When I was a child, my friends and I would ride our bicycles to the end of town and they would wait and gaze at an old mansion where the sidewalk ends. The old mansion, with its old architectural facets, almost as if it came from a time warp of a much earlier time. At the time, none of us knew who lived at the house, though there were rumored to have been an elderly couple living there.
One day curiosity got the best of us and my friends dared me to knock at the front door so that when the elderly couple answered, we would know for sure that the rumor were true. Several times I would walk up to the front door and knock, and although the door would always be unlocked, nobody ever came to answer.
This experience, like the majority of my childhood was focused on adventure and wonder, and of things unseen or simply ignored and overlooked by most.
In recent times I’ve been drawn to the locations which played pivotal roles in my development, and therefore remind me of my younger days. The draw to these places is magnetic, though obscure and unexplainable. Perhaps it is out of sheer curiosity, or perhaps I revisit just to see what has changed since childhood. The changes that occur often happen slowly, hardly noticeable, and from my perspective, nothing ever changes. Instead it is only me who has changed; I lived, I grew, I changed. I am a completely different person now than when I first visited this old house, now close to thirty years ago. Thoughts of my experiences from childhood dance on a stage of memories, as I thought of all the times my friends and I would visit this place, knock on the door, and eventually leave without an answer.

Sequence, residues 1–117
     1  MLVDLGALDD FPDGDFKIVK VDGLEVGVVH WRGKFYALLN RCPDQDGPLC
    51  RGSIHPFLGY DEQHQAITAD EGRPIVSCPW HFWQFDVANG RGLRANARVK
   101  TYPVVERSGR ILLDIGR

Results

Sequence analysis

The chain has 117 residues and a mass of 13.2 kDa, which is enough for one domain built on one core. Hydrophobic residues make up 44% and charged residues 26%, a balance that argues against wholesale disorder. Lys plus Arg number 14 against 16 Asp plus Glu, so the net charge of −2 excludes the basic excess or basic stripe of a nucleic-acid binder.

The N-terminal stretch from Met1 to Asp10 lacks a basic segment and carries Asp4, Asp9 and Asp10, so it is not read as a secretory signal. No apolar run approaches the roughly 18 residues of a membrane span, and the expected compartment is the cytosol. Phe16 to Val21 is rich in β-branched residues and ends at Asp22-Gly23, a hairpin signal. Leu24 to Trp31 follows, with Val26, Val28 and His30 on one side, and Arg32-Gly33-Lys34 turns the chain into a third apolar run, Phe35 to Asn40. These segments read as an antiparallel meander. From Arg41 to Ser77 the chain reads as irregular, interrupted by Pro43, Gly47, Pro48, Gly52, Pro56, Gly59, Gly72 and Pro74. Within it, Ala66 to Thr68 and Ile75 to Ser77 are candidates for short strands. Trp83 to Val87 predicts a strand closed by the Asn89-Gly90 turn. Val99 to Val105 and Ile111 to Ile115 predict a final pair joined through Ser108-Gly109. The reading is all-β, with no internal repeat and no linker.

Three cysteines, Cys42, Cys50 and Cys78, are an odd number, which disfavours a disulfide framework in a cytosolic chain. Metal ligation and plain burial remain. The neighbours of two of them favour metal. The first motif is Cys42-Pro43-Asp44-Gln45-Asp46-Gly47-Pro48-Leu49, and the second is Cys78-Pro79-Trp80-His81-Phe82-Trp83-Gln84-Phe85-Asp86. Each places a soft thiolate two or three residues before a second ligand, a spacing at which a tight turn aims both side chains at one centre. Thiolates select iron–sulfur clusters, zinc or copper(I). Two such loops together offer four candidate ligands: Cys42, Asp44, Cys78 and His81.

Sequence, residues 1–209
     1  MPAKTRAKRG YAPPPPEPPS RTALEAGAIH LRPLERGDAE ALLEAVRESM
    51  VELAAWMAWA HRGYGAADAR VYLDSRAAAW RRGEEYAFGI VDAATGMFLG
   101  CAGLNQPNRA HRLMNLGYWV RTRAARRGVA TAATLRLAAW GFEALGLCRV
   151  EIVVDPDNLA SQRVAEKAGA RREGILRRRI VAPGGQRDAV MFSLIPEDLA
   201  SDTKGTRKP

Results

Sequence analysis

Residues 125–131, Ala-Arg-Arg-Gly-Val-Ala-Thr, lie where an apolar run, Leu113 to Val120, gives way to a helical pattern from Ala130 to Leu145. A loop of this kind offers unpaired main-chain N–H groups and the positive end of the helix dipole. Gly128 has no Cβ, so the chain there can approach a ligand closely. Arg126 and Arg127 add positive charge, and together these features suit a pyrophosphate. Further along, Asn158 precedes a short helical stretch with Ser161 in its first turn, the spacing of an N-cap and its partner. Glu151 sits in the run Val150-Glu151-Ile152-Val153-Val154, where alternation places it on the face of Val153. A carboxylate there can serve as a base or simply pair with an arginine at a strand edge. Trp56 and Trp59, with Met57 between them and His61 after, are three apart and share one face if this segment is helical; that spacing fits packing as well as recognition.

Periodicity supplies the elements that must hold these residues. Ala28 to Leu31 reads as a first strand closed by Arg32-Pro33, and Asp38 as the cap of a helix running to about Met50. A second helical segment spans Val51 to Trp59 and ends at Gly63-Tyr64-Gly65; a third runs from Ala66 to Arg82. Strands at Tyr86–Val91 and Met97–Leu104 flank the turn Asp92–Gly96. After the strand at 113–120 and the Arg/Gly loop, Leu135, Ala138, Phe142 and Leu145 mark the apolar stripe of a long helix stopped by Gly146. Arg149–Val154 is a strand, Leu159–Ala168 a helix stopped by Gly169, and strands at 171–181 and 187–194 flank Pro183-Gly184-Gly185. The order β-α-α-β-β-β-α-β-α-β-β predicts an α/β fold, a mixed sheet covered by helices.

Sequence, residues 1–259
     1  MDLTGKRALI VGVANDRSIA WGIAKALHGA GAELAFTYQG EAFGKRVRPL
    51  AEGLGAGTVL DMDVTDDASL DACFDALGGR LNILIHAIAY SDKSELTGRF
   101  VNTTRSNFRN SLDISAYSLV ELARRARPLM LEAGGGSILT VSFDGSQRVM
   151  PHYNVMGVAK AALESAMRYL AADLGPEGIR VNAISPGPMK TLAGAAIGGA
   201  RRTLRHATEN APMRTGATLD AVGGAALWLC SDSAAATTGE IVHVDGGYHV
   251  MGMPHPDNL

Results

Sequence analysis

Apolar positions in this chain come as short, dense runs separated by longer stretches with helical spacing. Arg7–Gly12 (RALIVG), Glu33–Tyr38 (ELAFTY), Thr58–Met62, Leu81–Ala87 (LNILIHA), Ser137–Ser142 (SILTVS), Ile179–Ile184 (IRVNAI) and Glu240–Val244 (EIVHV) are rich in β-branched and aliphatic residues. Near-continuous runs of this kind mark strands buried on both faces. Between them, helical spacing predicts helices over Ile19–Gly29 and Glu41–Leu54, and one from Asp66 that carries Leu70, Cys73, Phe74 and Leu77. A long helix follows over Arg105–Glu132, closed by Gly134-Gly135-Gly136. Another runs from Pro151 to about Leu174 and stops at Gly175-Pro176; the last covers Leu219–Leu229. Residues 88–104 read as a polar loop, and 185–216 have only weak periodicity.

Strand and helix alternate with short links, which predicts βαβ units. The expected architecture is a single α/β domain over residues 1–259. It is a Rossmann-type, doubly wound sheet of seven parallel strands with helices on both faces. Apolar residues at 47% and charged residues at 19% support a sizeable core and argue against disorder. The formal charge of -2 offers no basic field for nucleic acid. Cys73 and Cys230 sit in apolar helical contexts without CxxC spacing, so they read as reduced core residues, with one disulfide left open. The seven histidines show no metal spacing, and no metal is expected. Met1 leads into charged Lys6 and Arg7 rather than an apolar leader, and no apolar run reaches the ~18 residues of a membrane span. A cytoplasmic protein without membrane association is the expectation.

I still remember being a small child growing up in a great big world, especially the many times I sat alone in the school yard daydreaming and writing down plans for how my life would be. I always needed time on my own; time to reflect, time to write, and time to dream; these were the snapshots and memories, and days of my youth.
When I was a child, I spent the majority of my time focused on my future, whereas as an adult, I spend the majority of my time wondering just how I came to become the person that I am today. It seems that over the years, the one thing that remains constant is my quiet curiousity, my need for constant intellectual stimulation, and personal reflection, and my desire for new experiences and adventure.
The photography is that of The Eagles Nest.
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